72 games games into the regular season, the Chicago Bulls are still a mystery. Is Tom Thibodeau’s team a sleeping giant? A solid contender? Or run-of-the-mill playoff fodder?
Constant injuries have prevented the Bulls from establishing any type of consistency in 2014-2015. Derrick Rose has missed 26 games and counting. Taj Gibson has been sidelined for 20 contests, Jimmy Butler has been absent 16 games of his own, and Joakim Noah 13 matchups while dealing with nagging knee pain all season long. Even ancillary pieces like Mike Dunleavy, Kirk Hinrich, and Doug McDermott have missed significant chunks of the schedule, too.
But that hasn’t stopped Chicago from winning, and it won’t keep Noah from expecting the most of his team come postseason time, either. Following his team’s playoffs-clinching 98-86 win over the Charlotte Hornets last night, the reigning Defensive Player of the Year expressed utmost confidence in the Bulls’ chances when the stakes raise highest.
Via K.C. Johnson of the Chicago Tribune:
“No,” Noah said, when asked if the Bulls’ defense is where it needs to be.
Expanding on why, Noah cited a need for more toughness. And then he dropped the kicker.
“I still think we’re the toughest team to beat in a seven-game series,” he said.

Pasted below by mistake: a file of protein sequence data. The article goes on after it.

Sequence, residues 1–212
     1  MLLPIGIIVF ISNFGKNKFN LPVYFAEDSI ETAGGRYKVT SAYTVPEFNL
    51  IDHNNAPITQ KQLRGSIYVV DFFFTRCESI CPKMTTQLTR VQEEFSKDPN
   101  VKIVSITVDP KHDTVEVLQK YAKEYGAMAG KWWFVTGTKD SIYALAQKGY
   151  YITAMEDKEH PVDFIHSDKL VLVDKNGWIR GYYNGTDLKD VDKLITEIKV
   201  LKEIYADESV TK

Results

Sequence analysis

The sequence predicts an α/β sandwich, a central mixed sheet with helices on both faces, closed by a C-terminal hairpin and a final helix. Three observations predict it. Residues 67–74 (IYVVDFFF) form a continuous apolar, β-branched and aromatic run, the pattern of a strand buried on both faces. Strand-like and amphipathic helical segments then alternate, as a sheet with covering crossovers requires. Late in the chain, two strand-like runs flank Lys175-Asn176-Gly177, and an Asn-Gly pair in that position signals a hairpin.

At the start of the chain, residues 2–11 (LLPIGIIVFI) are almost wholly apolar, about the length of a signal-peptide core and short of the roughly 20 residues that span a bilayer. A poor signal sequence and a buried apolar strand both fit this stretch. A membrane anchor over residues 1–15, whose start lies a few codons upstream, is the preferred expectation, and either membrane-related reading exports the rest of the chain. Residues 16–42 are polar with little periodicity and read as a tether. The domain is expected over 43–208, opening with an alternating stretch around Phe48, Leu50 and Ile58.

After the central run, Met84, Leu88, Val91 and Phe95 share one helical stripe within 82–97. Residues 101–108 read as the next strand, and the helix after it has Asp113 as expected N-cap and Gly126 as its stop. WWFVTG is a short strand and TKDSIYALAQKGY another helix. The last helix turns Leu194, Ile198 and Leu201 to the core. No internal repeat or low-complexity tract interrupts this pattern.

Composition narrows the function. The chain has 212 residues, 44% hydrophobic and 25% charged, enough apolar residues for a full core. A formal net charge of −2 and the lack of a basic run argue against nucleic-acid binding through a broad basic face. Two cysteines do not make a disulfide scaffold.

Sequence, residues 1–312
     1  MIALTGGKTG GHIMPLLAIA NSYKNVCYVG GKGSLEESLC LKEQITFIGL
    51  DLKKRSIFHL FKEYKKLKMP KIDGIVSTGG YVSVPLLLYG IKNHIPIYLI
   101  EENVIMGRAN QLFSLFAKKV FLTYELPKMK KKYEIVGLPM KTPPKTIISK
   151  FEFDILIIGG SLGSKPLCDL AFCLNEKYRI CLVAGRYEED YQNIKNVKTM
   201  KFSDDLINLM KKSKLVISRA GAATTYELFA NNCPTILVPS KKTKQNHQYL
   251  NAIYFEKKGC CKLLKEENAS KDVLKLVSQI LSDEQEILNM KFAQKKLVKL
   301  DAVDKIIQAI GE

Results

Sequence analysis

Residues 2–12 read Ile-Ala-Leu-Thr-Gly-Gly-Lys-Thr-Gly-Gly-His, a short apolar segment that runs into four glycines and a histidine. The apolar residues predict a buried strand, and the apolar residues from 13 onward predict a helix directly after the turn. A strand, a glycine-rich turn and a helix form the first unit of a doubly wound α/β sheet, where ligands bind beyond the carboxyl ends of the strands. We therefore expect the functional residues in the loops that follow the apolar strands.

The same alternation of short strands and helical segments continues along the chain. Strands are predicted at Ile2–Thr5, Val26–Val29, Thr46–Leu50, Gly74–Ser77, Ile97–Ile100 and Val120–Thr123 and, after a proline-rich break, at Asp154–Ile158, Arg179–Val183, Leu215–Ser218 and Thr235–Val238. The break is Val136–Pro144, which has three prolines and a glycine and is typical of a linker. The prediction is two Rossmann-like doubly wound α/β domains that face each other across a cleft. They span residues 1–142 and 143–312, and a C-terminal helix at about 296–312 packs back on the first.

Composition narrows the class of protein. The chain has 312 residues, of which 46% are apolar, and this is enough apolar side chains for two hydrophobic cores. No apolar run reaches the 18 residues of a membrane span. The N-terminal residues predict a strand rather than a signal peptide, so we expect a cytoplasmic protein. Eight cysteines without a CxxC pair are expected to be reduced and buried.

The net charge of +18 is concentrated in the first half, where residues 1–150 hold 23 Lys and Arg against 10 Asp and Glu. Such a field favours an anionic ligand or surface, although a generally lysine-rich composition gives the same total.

Belief is of chief importance in sports, and Noah obviously has it. Other than simple optimism, though, there’s just no statistical justification for his boasts.
Chicago has the league’s 11th-best net rating at +2.7. It ranks 10th in offense and 13th in defense. The Bulls are a combined 1-4 against the Atlanta Hawks and Cleveland Cavaliers this season, and a solid but unremarkable 8-8 versus the top-eight teams in the Western Conference. And the continuity for which LeBron James lauded them in the preseason has been ravaged by players going out, in, and out of the lineup since early November.
But it’s the possibility gleaned from those absences that allows for Noah’s hopes to be considered anything other than laughable. Consider, for instance, that Rose, Butler, and Noah have only appeared together in 31 games this season. If full strength ever comes for Chicago, sheer talent certainly makes it easy to assume the Bulls will be better than their current resumé suggests.
The question, though, isn’t only whether or not that day will come before time runs out on Chicago’s season – but also if so many games playing short-handed has already doomed it. Will Noah be able to perform like himself? Can Rose be a reasonable facsimile of a star? And if so, will the Bulls be able to mesh quickly enough to give Atlanta or Cleveland anything other than a scare in a seven-game series?
Noah thinks so, but we’re dubious.
Butler returned to the lineup last night, Gibson is back on the court, Rose began doing full-contact drills earlier this week, and the playoffs begin in just under four weeks. We’ll find out just how good the Bulls can be soon enough.